B.T.R. Bar uses Instagram and TikTok to stand out in an increasingly saturated direct-to-consumer market, which makes up about 65% of its sales.
“You have to be very scrappy in figuring out how to put yourself out there,” Ms. Nickelsen said. “By using social media we’re able to really grab our audience and educate them about what makes us different as opposed to just putting up a shop on Shopify. You really have to put yourself out there and figure out what type of content you can be producing, pretty much consistently that’s going to keep your audience engaged and bring new customers in.”
The best social media advertising combines authenticity with the ability to be agile and risky, capitalizing on internet memes and trends that will get people talking, Ms. Heikkinen added.
“We’re seeing greater success by those that just move and shake and do, but do it authentically,” she said. “I’ve seen a million TikTok ads that are so forced, but it’s the authentic ones that draw you in and home in on the right messaging, targeting the right audience with the right meme at the right time.”
B.T.R. Bar has tried its hand at all kinds of TikToks, including recipe ideas, educational videos and funnier, trend-based ones. Ms. Nickelsen has found that their trendy TikToks don’t perform as well, while more personal ones do. In the bar maker’s most popular video on the platform, which has garnered more than 85,000 views and 10,000 likes, she shares her personal inspiration for founding the company.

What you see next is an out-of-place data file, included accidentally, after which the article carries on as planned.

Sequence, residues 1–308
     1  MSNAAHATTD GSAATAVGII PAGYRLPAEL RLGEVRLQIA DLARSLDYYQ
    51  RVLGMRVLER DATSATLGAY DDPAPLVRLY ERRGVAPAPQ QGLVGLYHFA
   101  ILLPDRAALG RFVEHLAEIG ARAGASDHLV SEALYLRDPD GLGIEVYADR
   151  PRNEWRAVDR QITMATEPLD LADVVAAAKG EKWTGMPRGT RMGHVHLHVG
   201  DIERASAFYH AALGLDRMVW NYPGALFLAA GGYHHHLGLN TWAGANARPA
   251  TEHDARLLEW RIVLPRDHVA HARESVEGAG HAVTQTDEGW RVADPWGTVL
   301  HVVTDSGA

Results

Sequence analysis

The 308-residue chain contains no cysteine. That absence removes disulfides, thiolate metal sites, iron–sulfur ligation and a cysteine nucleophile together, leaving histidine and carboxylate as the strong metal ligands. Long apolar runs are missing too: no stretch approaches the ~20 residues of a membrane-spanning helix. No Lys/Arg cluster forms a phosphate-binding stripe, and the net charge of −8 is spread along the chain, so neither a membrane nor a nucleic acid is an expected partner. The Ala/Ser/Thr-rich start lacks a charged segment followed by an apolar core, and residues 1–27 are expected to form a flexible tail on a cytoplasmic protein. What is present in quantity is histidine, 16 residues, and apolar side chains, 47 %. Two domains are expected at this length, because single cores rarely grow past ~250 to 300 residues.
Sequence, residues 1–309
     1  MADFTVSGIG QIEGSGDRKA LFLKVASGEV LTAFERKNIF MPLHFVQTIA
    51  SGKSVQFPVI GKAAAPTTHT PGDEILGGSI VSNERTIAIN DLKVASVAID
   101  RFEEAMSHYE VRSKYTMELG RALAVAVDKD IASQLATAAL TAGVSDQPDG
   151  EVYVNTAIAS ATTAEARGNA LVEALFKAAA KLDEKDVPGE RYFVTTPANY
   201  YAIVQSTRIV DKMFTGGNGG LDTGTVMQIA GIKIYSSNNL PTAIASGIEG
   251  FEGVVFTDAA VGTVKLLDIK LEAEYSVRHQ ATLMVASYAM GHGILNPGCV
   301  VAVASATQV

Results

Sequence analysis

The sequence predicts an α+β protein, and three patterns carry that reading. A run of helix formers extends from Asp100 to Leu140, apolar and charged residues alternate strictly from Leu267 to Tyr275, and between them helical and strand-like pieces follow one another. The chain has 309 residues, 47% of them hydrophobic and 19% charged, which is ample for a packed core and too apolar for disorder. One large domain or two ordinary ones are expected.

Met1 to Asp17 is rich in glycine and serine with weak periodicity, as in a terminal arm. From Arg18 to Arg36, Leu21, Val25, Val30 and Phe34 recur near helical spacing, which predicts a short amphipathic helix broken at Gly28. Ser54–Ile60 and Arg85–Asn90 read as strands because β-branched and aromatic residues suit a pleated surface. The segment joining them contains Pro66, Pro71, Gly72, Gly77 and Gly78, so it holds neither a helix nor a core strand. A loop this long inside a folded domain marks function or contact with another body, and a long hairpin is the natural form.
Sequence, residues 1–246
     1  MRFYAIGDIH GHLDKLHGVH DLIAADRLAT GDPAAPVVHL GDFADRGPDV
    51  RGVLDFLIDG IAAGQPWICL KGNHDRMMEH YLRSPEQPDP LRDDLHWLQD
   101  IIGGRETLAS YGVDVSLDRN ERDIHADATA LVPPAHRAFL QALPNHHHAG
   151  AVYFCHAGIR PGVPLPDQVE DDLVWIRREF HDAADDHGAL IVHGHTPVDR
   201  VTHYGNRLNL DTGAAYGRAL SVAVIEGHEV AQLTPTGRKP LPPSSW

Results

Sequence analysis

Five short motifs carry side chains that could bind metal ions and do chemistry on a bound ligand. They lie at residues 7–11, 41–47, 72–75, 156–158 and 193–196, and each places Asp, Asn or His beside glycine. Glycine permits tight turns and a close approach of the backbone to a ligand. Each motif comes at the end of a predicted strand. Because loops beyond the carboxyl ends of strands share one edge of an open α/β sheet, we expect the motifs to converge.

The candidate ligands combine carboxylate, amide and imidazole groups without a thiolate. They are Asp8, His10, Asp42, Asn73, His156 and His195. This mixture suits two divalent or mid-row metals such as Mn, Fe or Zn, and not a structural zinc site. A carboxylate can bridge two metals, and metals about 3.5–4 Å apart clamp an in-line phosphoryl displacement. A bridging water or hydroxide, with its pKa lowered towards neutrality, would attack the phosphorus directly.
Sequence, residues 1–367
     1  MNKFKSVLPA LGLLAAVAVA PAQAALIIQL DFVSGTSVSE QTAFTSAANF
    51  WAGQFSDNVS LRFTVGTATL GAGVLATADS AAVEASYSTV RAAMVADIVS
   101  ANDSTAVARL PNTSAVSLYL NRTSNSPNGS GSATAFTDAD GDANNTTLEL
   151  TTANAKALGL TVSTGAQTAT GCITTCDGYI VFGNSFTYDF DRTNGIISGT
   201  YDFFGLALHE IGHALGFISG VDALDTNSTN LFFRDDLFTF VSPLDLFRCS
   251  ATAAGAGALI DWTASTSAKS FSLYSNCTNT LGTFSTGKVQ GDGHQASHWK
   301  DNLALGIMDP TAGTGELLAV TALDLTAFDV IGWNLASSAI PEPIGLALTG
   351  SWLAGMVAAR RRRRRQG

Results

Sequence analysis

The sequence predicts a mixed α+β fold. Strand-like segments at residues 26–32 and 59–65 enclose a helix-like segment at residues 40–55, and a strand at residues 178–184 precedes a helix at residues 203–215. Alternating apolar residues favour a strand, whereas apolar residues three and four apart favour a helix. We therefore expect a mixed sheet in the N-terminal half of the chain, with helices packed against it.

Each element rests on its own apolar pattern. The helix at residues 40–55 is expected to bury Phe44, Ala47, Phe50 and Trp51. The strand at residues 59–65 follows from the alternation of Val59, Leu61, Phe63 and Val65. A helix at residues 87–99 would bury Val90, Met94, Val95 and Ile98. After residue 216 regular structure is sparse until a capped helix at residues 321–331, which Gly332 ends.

“TikTok isn’t about commercialization,” Ms. Nickelsen noted. “Gen Z and millennials see through those things, so they really want to make sure they’re buying from companies they like — they know the founders, they feel like they really connect with them.”
Bakeries and snack makers no longer have a choice in engaging with e-commerce. The pandemic dramatically shifted consumer shopping habits, and soon more than a third of all groceries will be purchased online. This growth means brands can no longer think of e-commerce as its own separate category — it needs to play a part in every decision they make.
“We need to drop the letter ‘E’ from e-commerce,” Mr. Chriss said. “E-commerce and commerce are becoming synonymous. Thinking of them as the same thing and part of one strategy is a start in the right direction.”
This article is an excerpt from the May 2022 issue of Baking & Snack. To read the entire feature on E-Commerce, click here.